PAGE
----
Given that 50-60% of China's exports are by foreign-owned enterprises, and the vast majority of products of a high enough quality / safety standard to be sold in Western markets are made by private companies, any notion of a boycott to compel the government to change its policy is laughable. Further, the last time any Chinese government changed policy in the face of threats was 1936. DOR (HK) (talk) 12:01, 15 August 2017 (UTC)
Items don't need to be made directly by the Chinese government to harm the Chinese economy when no longer made there. Those Western companies can move to other places with low labor costs. There's no shortage of those in the world. What China wants most of all is "social stability", and an economic depression would end that. And the remaining 40-50% of privately owned Chinese companies which export would bring to bear enormous pressure on the government. And since those are the rich people, many with ties to government, they do have major influence. StuRat (talk) 12:12, 15 August 2017 (UTC)

Reliability of the background of Child 44 (film)

Happy good day every where.
Yesterday I watched the film Child 44. My question doesn't concern the criminal and detective aspect of the film. I'm interesting in your opinions about the background of the film; could the situation be so rude?
For example, if somebody was suspected of spying, may the deadly consequences concern the family too?
The fact that this film was banned in several ex-USSR countries (Ban of the film in Russia) seems to "say" that indeed it was horrible up to this point.
I'm French but I ask this question on your desk, hoping that some people who had lived, or whose parents had lived in USSR could answer from their own or own family remembering.
Thank you all for helping.--Jojodesbatignoles (talk) 07:41, 13 August 2017 (UTC)

The plot of the film is rather hard to understand, but our article on Family members of traitors to the Motherland says that family members could be punished legally (and that suggests it would have happened at other periods by administrative means). Matt's talk 10:35, 13 August 2017 (UTC)
"In 1935 the introduction of Article 12 of the Criminal Code also permitted children from the age of twelve to be sentenced as adults and interned in the Gulags. This law was used to round up the children of those who had earlier been arrested for political crimes based on the belief that ‘an apple never falls far from the tree’". ‘The Littlest Enemies’: Children of the Stalinist Era by Dr Kelly Hignett, a historian and a lecturer at Leeds Beckett University. Alansplodge (talk) 20:19, 13 August 2017 (UTC)
In addition to the legal means described above, note that most communist nations ignored the rule of law when they found it inconvenient, so would feel free to do as they pleased with family members of their perceived enemies. StuRat (talk) 18:03, 14 August 2017 (UTC)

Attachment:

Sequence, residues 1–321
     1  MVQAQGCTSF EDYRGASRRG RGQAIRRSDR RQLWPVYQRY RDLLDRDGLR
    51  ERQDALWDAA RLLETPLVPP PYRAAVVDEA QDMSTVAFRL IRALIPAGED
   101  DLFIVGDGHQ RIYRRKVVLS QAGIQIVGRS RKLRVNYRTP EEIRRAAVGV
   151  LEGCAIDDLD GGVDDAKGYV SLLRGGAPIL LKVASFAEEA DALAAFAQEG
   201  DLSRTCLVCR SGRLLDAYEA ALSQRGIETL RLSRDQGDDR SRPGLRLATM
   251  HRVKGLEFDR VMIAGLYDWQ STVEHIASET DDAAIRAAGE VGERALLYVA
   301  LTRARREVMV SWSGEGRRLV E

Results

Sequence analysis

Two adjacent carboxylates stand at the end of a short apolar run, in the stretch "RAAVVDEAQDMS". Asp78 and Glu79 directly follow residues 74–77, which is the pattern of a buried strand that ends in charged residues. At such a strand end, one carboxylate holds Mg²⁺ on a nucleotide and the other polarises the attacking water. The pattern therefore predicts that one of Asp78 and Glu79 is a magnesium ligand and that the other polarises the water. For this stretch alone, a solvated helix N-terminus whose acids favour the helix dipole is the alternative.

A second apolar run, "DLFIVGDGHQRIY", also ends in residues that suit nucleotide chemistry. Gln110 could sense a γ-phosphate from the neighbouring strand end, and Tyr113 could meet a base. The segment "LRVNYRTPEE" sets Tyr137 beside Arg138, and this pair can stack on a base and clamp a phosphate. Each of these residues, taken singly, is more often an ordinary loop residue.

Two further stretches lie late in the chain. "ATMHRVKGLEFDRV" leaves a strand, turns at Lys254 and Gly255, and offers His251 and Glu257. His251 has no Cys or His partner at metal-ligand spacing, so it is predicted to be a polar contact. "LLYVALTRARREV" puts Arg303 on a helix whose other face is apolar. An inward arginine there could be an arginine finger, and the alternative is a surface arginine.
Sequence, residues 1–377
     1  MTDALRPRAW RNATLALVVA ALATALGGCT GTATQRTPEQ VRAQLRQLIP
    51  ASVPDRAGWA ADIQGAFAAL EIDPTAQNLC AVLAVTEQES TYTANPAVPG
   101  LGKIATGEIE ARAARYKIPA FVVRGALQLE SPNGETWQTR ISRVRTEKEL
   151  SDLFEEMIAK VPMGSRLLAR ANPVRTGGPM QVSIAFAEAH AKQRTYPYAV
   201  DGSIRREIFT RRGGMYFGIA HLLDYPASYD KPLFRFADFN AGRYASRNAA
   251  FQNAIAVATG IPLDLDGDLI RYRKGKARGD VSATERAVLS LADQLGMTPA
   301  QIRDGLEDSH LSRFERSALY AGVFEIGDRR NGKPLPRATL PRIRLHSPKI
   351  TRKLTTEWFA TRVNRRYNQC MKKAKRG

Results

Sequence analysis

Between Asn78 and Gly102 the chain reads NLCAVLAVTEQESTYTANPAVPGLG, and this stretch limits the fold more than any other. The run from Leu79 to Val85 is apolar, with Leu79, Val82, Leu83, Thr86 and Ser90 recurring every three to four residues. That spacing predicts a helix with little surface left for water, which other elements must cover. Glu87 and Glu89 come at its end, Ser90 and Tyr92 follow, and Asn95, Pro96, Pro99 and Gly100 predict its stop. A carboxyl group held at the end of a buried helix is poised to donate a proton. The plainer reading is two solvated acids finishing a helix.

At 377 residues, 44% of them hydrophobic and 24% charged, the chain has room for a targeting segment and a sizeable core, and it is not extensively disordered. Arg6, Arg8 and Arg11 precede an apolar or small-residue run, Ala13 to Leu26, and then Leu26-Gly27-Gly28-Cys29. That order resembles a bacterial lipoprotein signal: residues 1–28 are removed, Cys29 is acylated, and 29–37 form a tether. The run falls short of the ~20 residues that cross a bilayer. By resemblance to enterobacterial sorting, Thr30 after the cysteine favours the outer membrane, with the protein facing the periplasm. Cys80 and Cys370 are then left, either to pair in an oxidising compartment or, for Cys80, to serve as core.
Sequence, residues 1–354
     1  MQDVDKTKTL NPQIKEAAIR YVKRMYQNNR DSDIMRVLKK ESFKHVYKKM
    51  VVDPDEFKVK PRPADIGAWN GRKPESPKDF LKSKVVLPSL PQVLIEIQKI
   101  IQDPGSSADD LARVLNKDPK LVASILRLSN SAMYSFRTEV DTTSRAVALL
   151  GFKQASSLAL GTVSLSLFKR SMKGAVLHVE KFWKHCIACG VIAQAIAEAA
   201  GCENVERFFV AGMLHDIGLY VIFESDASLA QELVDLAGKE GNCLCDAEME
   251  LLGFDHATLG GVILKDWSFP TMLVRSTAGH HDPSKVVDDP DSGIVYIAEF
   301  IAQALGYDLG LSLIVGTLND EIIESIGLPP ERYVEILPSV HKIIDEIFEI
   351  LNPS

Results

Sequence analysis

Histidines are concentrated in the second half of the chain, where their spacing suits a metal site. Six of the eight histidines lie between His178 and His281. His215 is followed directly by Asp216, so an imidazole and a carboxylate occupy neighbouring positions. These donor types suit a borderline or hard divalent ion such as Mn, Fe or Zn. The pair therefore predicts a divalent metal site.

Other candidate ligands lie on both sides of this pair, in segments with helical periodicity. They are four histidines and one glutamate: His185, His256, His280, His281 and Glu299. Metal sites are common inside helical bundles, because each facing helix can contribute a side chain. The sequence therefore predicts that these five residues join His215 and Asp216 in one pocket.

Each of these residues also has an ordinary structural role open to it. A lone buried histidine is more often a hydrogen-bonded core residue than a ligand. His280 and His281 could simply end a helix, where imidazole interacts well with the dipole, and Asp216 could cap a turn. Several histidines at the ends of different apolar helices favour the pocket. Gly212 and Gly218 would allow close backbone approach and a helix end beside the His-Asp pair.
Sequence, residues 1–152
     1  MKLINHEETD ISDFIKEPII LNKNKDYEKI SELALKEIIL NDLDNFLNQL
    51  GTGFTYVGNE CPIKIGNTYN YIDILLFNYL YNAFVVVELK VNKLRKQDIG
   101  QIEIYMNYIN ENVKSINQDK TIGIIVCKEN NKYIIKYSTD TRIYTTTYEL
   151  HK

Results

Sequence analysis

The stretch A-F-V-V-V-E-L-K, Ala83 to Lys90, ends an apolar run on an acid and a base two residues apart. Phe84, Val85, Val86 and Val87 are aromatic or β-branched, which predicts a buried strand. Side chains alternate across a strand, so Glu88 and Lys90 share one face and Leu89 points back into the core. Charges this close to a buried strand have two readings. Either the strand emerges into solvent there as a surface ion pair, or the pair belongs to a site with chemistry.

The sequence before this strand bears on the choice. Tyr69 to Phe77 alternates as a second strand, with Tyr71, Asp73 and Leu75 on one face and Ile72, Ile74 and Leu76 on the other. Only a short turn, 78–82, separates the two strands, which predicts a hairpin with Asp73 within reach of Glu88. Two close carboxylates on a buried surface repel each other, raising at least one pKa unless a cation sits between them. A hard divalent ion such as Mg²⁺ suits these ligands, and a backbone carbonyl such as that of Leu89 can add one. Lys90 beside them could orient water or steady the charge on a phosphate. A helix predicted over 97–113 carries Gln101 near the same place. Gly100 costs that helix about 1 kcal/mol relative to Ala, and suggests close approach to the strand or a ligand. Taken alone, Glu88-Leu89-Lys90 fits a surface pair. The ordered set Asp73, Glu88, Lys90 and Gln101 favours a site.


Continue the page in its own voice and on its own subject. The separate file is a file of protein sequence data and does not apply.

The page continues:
Is Guanyin interpreted as "patron saint" or "deity" by Westerners?

I know that Guanyin is a special bodhisattva, but her status is compared to a "deity" or "patron saint" in the article. In Christianity, what kind of status do patron saints hold? Is the Madonna a saint or lower goddess? 2600:387:0:809:0:0:0:56 (talk) 14:52, 13 August 2017 (UTC)

Apples and oranges.
Guanyin is a Bodhisattva, which means they were a mytho-historical individual who just about attained Buddhahood but decided "I'm going to stay behind to help other get to this point as well." They are similar to Christian saints in the regard that they were supposedly historical individuals who achieved a lesser divine status (though not outright godhood). However, they are distinct in that any miracles attributed to the Bodhisattva are the Bodhisattva's doing and not those of a higher power (unless the Bodhisattva is regarded as an emanation of a Wisdom Buddha, in which case it's all the Adi-Buddha's doing). Some lay Buddhists (or non-Buddhists) might worship them as one would a god for this reason. Still, either stricter interpretations of Buddhism would say that the worship is nothing more than showing respect and giving thanks to the Bodhisatva for showing humanity the true path. More esoteric interpretations might say the worship is meant to be an exercise to realize the non-duality between the worshiper and the Bodhisattva. However, Guanyin is also worshiped by some Taoists and Shintoists, who just treat her as a goddess (if perhaps with a different title).
In Christianity, saints are any humans who have made it to heaven. Canonized saints are individuals that a church recognizes as definitely having made it to heaven. In theory, they are not prayed to or worshiped in the same sense as one prays to or worships God but shown respect through Dulia (or veneration). Saints do not have any powers of their own but may ask the saint to pray to God on their behalf (no different than asking any other living member of the Church to pray on one's behalf). Despite this, most Protestants generally don't approve of appealing to saints, or at least don't bother with it. Mary is an especially popular saint because she gave birth to Jesus, and so is the mother of God. She is not, however, a goddess in any orthodox Christian theology. Syncretist movements (e.g. Vodou) that incorporate elements of Christianity may combine her with goddess figures or even ascribe her with her own power.
In short: In Buddhism, Guanyin is regarded as having her own power (whether because she is an emanation of Amitābha or because of her own enlightenment), appeals for any intervention are really meant for her help, and direct worship may (or may not) be regarded as efficacious; while in Christianity, Mary does not have her own power (just a very good relationship with God), appeals to her for intervention are ultimately meant for God, and any veneration beyond showing respect is generally regarded as idolatrous. Ian.thomson (talk) 15:26, 13 August 2017 (UTC)